So it's important to attend to what the movie does with words, too.  The wooden dialogue many sneered at contains, to me, a lot of subtle and significant cues.  There are Freudian slips (Salazar talks about "her" body) and verbal blocks: that body-twisting rage one feels when an emotion finds no adequate words, or is met with resistance from within oneself to get the words out.  Words themselves seem inadequate once uttered; when McCoy makes his speech near the end of the film, he clearly has no comfort of a talking cure.  He is asked to tell a war story, but what he has to tell falls upon deaf ears as his friends with cameras push him into the production of an another sanctioned image (video & a candid picture of the returned veteran whose peers and colleagues will not even allow him to shake them out of their complacency: he's awkwardly, politely ignored).  Redacted opens with discussion of soldiers bequeathing their Iraq war footage to another; all through the film there is an implicit promise of all this accumulated material being seen by someone, by someone who would have the authority to act in justice's name.  But it comes to nothing.  It peters out.  There's too much out there, there so too many images and words.

(I would go so far as to suggest that the political-ethical problem is not that a proliferation of media objects is intrinsically bad; it is more a matter of how this very proliferation functions in the society that produces it.  In this case, proliferation functions to silence even as many citizens hope and work to do just the opposite.  But it's hard work.  Debord: "The spectacle is not a collection of images, but a social relation among people, mediated by images.")


And a note about the "bad apples" argument: while the narrative is such that there is indeed an atomized spectrum of monstrosity (Flake and Rush as bad apples, Salazar as complicit with little conscience, McCoy as complicit but with a great deal of conscience, Blix as far away from complicit as a soldier could be - which is not that far), and I think this quasi-typage is in keeping with the non-realist dramaturgy of the film, I would emphasize that the film subtly conveys the impression that transgressive behavior by soldiers is structural and systemic rather than solely personal and moral.  To point to a few ways the films does this: (a) providing Flake, if not Rush, with a story about his family history and its pressure cooker of violence, (b) underlining the military imperative to weigh charges of misconduct with morale and tight functioning of the troops, for instance in the video chat between McCoy and his father - this don't rock the boat pragmatism comes across explicitly but we can also draw out a lot of tacit communication too, including about parental indoctrination, (c) indicating via Salazar the choice of a stint in the military as an opportunity for long-term careers, something that the Army has used in its marketing/recruitment since the 1970s [this last is a point gleaned from a talk I saw recently by historian Beth Bailey].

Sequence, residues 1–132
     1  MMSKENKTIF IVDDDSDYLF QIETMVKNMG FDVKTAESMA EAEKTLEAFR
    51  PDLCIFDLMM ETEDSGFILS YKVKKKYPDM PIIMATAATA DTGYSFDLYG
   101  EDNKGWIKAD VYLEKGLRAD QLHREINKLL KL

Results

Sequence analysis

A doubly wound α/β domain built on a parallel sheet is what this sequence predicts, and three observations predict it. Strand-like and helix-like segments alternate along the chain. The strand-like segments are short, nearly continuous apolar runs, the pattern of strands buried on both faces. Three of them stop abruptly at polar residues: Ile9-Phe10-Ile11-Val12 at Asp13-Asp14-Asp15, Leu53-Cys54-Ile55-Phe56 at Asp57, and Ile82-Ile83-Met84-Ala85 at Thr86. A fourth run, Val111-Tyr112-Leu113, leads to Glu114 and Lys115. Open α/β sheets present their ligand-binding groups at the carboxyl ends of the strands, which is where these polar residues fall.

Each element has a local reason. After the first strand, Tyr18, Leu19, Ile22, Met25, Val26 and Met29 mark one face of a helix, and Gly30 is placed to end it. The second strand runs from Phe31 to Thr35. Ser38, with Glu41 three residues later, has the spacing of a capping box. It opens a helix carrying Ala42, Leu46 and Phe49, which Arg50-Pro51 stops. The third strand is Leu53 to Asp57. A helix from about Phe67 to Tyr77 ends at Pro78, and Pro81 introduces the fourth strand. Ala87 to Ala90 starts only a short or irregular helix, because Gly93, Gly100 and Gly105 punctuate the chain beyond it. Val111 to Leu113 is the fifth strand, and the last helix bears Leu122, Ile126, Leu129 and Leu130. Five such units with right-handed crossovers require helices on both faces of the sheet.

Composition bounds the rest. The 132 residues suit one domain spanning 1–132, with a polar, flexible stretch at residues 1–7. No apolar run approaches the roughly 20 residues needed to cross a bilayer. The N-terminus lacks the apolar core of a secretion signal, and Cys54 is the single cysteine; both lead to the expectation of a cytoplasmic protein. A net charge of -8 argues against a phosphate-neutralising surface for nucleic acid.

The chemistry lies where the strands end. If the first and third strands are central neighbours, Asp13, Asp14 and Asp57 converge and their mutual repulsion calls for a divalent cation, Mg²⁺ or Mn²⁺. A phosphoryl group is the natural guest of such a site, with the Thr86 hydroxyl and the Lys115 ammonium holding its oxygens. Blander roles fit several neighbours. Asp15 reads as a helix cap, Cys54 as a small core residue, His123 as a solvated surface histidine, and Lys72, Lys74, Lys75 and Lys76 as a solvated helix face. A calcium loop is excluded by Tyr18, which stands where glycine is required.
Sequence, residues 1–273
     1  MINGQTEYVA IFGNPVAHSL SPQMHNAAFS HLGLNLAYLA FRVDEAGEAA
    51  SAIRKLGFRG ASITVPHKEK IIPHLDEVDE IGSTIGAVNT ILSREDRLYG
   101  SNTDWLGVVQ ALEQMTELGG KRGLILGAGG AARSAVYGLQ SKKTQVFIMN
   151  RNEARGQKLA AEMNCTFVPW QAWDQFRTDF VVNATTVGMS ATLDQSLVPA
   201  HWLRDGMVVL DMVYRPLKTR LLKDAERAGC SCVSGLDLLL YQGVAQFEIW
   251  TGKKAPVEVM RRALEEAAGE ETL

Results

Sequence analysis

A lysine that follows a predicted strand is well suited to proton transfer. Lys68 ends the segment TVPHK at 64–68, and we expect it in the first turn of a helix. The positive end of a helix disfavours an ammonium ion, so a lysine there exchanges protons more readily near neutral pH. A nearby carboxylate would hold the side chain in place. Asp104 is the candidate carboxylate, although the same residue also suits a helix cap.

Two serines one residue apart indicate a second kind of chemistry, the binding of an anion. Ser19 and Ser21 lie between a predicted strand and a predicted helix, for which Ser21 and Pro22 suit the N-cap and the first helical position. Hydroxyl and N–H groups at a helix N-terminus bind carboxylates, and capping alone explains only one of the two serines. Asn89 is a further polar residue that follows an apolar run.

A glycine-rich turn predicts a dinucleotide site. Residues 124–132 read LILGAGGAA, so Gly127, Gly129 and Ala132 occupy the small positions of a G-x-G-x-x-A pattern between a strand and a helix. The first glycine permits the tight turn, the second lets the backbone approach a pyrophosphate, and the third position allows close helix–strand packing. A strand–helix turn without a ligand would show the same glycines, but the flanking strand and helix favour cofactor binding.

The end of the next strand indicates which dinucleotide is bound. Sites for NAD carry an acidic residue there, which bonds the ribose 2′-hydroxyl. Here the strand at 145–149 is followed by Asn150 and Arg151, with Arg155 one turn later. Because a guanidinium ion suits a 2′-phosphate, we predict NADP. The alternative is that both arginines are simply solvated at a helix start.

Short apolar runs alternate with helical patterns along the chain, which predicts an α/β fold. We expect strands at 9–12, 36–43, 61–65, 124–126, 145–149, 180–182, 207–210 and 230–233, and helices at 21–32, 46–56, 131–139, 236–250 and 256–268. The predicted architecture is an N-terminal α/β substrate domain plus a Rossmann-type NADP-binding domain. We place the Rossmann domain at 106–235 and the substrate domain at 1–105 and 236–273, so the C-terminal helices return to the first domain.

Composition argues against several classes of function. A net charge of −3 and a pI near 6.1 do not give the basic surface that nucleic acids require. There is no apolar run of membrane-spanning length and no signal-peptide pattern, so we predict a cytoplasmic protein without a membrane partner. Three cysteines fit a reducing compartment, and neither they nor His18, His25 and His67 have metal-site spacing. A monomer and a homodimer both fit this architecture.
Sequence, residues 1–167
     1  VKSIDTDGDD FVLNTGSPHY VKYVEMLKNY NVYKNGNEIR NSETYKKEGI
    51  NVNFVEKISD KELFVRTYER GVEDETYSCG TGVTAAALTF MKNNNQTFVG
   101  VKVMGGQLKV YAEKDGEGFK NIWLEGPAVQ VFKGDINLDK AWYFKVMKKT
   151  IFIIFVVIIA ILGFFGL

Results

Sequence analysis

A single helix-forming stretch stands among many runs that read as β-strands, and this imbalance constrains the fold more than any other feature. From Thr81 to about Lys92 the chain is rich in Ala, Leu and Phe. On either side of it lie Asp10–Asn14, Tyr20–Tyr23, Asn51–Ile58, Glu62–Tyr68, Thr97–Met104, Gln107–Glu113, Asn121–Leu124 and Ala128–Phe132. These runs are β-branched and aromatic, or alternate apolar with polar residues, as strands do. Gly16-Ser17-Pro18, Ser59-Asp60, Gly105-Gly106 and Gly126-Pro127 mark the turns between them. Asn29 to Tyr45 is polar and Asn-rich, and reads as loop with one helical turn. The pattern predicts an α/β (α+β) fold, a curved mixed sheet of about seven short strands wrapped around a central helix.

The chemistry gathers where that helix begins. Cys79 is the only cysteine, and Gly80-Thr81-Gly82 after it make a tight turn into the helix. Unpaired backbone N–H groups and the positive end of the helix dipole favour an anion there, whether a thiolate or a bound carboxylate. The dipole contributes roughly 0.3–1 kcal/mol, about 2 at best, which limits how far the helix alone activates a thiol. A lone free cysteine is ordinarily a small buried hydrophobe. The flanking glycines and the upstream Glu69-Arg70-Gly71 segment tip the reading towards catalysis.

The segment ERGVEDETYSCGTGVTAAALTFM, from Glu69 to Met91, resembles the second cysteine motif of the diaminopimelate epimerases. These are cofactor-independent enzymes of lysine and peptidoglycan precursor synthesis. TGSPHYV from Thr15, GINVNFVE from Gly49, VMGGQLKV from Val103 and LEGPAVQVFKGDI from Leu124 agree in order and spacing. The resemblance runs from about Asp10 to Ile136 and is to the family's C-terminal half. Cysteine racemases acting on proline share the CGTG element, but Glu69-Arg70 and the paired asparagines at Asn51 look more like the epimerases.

Finally, on political controversy: I understand that conservative commentators generally hated this movie, too. My own feeling is that while this is a highly radical and extremely political film, the tenor of its stance in terms of blue/red electoral politics is actually fairly muted.  Though Redacted makes a stringent and angry appraisal of American conduct both individual and systemic, its chief concern is not how or why American foreign policy led troops into the mess it did.  It presumably leaves that for other films, books, etc.  Instead its concern is a matter of our ethical reaction to a line crossed.  A state functions by excluding something, even most things, from its own body politic.  In the act of defense of that very body, and of those very lines, the military arm of the state can cross the lines which had previously been counted upon to help constitute the very substance of that state's body politic.  (In other words, murder would be implemented so as to protect/"protect" even the Land of Pacifism.  Protection of the law entails extra-legal force.)   Even when such transgressions are not officially ordered or sanctioned, they often goes unpunish, or punished only by a scapegoat.  ("Sovereign is he who decides the exception.")  But for the citizen of a state, putatively democratic, who sees this transgression, in fact takes part in it - even from off to one side - there remains a profound ethical problem.  And the modes of seeing such trangressions multiply; rather than carrying truth on their own, they instead act as shattered glass or shards of a mirror.  Perhaps they inure us with their small, image-heavy truths to the demand a more singular, clearer articulation of truth might convey.  Redacted sketches out exactly this sort of clarion meta-picture.